Mt. Whitney – East Face

Mt. Whitney stands tall at 14,508 feet above sea level, making it the highest mountain in the continental United States. The East Face rises over 1,800 feet from the base and provides over 1000 feet of technical rock climbing up to YDS 5.7 Grade III. The East Face is one of the 50 Classic Climbs of North America listed in the 1979 Roper/ Steck Guide Book.
I met Brian at 4 AM in downtown LA, we loaded my gear into his Subaru and headed east for Lone Pine. I had posted in the forums on Mountain Project and Cascade Climbers looking for a competent and confident partner and when Brian responded, he seemed to fit the bill perfectly. The East Face is as large as it is committing, because of the multiple traversing pitches, retreat can be tricky. My interpretation of the topo and route beta made it pretty clear that this is one of those routes where “Up is Down”
Before we met, the original plan was to get our permits on Sunday Morning, hike the 5 miles up to Iceberg Lake and Bivy at 12,600ft for the night before the climb and then get on the route Monday morning. Ideally this would give us plenty of time to rest and put us only 1,900 feet below the summit, making for a relatively short approach in the morning. With a storm system looming over Whitney and snow in the forecast, we talked about our options on the drive over from LA. Brian expressed that if there was going to be a decent amount of precip on Sunday night, he would rather try to do the climb “Car-to-Car”. Although this was certainly the option that would mean a longer day, it had its pros as well as cons. Climbing the whole route in one push meant that we could leave behind 5lbs of Bivy gear. A “Car-to-Car” would also mean that we could stay at the Whitney Portal campground at 8,300ft, an altitude much more friendly for rest.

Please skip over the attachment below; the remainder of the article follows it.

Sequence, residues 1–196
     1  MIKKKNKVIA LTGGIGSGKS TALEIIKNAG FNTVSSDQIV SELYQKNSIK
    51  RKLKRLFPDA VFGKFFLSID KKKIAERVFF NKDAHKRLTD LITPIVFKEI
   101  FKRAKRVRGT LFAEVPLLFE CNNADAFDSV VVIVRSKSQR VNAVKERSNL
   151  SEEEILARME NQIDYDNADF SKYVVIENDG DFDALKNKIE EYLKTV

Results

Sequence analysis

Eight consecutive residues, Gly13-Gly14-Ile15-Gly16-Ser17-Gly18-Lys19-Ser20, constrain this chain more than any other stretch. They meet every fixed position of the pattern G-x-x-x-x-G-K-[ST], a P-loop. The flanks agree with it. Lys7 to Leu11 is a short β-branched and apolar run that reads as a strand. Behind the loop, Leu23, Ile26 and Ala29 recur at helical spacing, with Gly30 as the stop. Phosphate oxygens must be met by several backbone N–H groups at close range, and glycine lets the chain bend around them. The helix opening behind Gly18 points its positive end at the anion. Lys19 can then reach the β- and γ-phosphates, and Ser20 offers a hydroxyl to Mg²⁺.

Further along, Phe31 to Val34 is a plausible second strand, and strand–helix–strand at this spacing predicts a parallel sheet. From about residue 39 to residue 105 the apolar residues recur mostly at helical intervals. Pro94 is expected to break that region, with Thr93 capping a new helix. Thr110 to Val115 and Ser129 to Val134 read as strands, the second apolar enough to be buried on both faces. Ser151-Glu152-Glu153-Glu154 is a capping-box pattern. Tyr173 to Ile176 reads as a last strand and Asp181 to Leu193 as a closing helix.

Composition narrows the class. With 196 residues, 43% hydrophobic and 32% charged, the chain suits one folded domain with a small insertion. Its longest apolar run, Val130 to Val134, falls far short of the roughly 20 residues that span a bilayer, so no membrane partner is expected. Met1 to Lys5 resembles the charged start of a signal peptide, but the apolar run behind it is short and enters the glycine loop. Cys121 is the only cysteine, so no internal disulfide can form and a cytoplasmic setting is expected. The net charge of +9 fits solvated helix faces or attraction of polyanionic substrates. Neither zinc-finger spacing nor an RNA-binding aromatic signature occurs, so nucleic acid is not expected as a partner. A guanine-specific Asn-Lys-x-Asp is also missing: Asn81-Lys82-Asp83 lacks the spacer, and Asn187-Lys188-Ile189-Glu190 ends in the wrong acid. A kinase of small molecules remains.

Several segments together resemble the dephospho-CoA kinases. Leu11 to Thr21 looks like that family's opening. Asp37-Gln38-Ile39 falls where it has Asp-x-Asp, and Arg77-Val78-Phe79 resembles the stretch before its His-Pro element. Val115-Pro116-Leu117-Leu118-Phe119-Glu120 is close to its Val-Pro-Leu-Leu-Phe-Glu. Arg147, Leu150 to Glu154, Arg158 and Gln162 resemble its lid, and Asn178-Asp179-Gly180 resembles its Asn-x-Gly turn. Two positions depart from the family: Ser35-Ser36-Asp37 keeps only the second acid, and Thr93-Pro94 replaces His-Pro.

A light dusting on the Sierra on Sunday morning
We rolled into Lone Pine around 7:30 AM and had breakfast at the Alabama Hills diner in an attempt to shovel down as many calories as possible before our attempt on the East Face. We decided to try for a Day permit for Monday at 11am from the Ranger Station, but agreed we would take an overnight permit if it was all that was available. The red tape is thick on Mt. Whitney and so we were well aware that it was a  “Beggers can’t be choosers” kind of situation.  As we rechecked the forecast and saw the large, dark, ominous clouds rolling into the mountains our decision was pretty much made for us. Hiking a few hours through the rain, just to be snowed on all night seemed like a hassle. Neither of us were psyched on the idea of being wet on the climb if we could reasonably avoid it.